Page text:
Thunder Bay

'Development at any cost' is how Lakehead Region Conservation Authority describes changes to provincial act

A plan by the provincial government to alter the Conservation Authorities Act doesn't sit well with the CAO of the Lakehead Region Conservation Authority.
The Lakehead Region Conservation Authority has concerns over the province's changes to the Conservation Authorities Act, and its powers for development in natural hazard areas. (Lakehead Region Conservation Authority / Facebook)

A plan by the provincial government to alter the Conservation Authorities Act doesn't sit well with the CAO of the Lakehead Region Conservation Authority.

Schedule six, part of the province's 2020 budget, would alter how conservation authorities do their work, specifically when it comes to approving developments.

Currently, development proposals are overseen by conservation authorities, which will comment on those slated for areas of natural hazard, such as a floodplain.

"The result of those changes will really limit the conservation authorities role in planning and regulatory processes," said Tammy Cook, the CAO of the Lakehead Region Conservation Authority. 

"Basically they can override the whole process and take control of the whole development process at the end of the day, and develop in any natural hazard that they so deem desirable, without any concern for the environment or the downstream impacts."

"It really is development at any cost." 

Cook said the concern is a development could get built where it really shouldn't be - which could damage the environment, as well as surrounding property owners.

She said while development in wetlands is a major issue, particularly in southern Ontario, she said in Thunder Bay, it could lead to buildings being built too close to the McIntyre River, or McVicar Creek.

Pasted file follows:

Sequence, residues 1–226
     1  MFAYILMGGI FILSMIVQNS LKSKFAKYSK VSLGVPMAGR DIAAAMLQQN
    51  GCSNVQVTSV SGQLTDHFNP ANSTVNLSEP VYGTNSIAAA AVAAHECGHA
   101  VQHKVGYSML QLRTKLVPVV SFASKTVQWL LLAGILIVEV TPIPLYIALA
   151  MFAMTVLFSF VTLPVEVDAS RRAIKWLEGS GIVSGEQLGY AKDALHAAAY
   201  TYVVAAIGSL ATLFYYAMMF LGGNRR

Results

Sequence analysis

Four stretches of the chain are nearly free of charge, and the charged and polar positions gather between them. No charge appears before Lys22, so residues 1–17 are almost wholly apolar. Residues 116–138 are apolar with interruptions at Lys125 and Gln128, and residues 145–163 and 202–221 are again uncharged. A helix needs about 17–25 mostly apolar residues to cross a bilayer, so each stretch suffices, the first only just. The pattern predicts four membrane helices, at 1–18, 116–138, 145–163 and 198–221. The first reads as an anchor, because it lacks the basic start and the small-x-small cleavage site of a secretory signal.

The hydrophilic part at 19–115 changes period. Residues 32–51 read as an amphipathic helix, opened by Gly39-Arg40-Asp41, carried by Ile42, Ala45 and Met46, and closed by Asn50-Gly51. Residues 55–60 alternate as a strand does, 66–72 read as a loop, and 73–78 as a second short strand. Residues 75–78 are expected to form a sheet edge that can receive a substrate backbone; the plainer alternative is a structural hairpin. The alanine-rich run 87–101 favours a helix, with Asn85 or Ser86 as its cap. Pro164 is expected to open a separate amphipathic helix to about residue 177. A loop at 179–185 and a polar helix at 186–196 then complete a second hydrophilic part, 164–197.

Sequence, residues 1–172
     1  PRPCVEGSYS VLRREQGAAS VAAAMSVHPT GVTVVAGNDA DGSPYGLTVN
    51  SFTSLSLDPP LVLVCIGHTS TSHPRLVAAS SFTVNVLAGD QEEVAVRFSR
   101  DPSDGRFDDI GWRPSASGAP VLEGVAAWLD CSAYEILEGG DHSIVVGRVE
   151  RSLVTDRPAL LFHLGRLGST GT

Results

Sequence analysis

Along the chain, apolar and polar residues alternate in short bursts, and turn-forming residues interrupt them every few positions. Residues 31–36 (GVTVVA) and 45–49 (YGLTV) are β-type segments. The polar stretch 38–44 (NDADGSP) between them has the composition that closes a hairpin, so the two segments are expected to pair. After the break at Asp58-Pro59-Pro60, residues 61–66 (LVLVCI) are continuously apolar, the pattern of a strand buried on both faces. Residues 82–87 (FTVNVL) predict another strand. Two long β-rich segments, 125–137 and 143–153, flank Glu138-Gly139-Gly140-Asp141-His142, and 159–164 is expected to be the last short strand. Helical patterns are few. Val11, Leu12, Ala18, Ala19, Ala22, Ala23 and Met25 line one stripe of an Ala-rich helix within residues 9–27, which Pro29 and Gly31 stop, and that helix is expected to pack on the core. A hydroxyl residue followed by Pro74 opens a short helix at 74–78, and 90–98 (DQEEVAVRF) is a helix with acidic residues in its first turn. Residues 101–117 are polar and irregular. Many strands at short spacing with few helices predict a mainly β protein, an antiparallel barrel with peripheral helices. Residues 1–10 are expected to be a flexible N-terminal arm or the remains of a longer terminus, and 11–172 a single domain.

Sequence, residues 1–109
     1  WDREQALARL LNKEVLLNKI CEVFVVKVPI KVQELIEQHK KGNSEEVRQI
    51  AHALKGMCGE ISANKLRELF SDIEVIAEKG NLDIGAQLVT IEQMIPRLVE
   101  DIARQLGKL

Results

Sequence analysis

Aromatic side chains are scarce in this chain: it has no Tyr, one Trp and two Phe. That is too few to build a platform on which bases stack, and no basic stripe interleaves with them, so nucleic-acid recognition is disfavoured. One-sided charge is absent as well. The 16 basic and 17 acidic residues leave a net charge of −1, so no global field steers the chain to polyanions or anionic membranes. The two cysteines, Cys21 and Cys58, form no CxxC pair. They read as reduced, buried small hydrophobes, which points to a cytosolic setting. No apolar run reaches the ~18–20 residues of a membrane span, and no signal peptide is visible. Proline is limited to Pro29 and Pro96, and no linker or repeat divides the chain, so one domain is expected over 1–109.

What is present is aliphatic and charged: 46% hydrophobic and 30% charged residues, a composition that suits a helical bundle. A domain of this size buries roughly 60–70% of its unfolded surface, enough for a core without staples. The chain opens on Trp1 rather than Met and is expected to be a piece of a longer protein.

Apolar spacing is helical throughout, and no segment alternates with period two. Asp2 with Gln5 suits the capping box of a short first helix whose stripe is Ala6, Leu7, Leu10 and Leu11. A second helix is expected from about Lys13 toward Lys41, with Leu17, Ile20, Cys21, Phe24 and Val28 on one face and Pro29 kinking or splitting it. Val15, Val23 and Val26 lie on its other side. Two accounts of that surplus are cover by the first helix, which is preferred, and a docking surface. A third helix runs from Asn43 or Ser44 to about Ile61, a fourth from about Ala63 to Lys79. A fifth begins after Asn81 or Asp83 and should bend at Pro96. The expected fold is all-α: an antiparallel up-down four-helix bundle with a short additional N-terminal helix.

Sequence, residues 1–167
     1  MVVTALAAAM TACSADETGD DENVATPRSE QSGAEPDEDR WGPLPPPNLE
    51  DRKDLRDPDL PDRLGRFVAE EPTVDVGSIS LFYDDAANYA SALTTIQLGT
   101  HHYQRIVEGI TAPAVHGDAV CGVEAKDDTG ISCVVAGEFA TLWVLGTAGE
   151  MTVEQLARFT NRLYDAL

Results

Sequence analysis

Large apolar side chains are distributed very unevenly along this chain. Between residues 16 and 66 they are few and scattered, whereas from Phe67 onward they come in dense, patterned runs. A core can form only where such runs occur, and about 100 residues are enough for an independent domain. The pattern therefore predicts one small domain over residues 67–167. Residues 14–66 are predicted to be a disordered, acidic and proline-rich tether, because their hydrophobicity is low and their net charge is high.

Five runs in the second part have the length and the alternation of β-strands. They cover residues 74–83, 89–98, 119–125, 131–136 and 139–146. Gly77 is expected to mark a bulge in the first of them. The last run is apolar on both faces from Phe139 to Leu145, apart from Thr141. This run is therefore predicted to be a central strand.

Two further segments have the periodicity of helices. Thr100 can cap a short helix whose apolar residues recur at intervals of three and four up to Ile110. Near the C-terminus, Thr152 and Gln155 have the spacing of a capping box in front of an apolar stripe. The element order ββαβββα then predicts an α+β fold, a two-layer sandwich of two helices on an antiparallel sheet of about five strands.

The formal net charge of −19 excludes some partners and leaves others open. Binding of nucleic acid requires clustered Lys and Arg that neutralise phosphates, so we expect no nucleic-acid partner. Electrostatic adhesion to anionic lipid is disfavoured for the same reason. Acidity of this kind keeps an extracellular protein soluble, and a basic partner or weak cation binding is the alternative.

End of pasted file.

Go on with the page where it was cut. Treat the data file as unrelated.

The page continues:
Those areas are ecologically important, she said.

"Conservation authorities make their decisions based on science, [like] where is the floodplain, and really, aren't influenced from political pressures."

"Where now, if a big development is proposed and the conservation authority is going to say no, the minister himself can prevent the conservation authority from issuing the permit, and issue the permit himself without any knowledge of the science behind maybe why something shouldn't be developed in a natural hazard."

Cook said other proposed changes include the composition of the board, and the length of term the chair can serve.

She said the changes announced in 2020 come a year after the province halved its funding contributions to conservation authorities across the province.

ABOUT THE AUTHOR

Jeff Walters

Reporter/Editor

Born and raised in Thunder Bay, Jeff is proud to work in his hometown, as well as throughout northwestern Ontario. Away from work, you can find him skiing (on water or snow), curling, out at the lake or flying.

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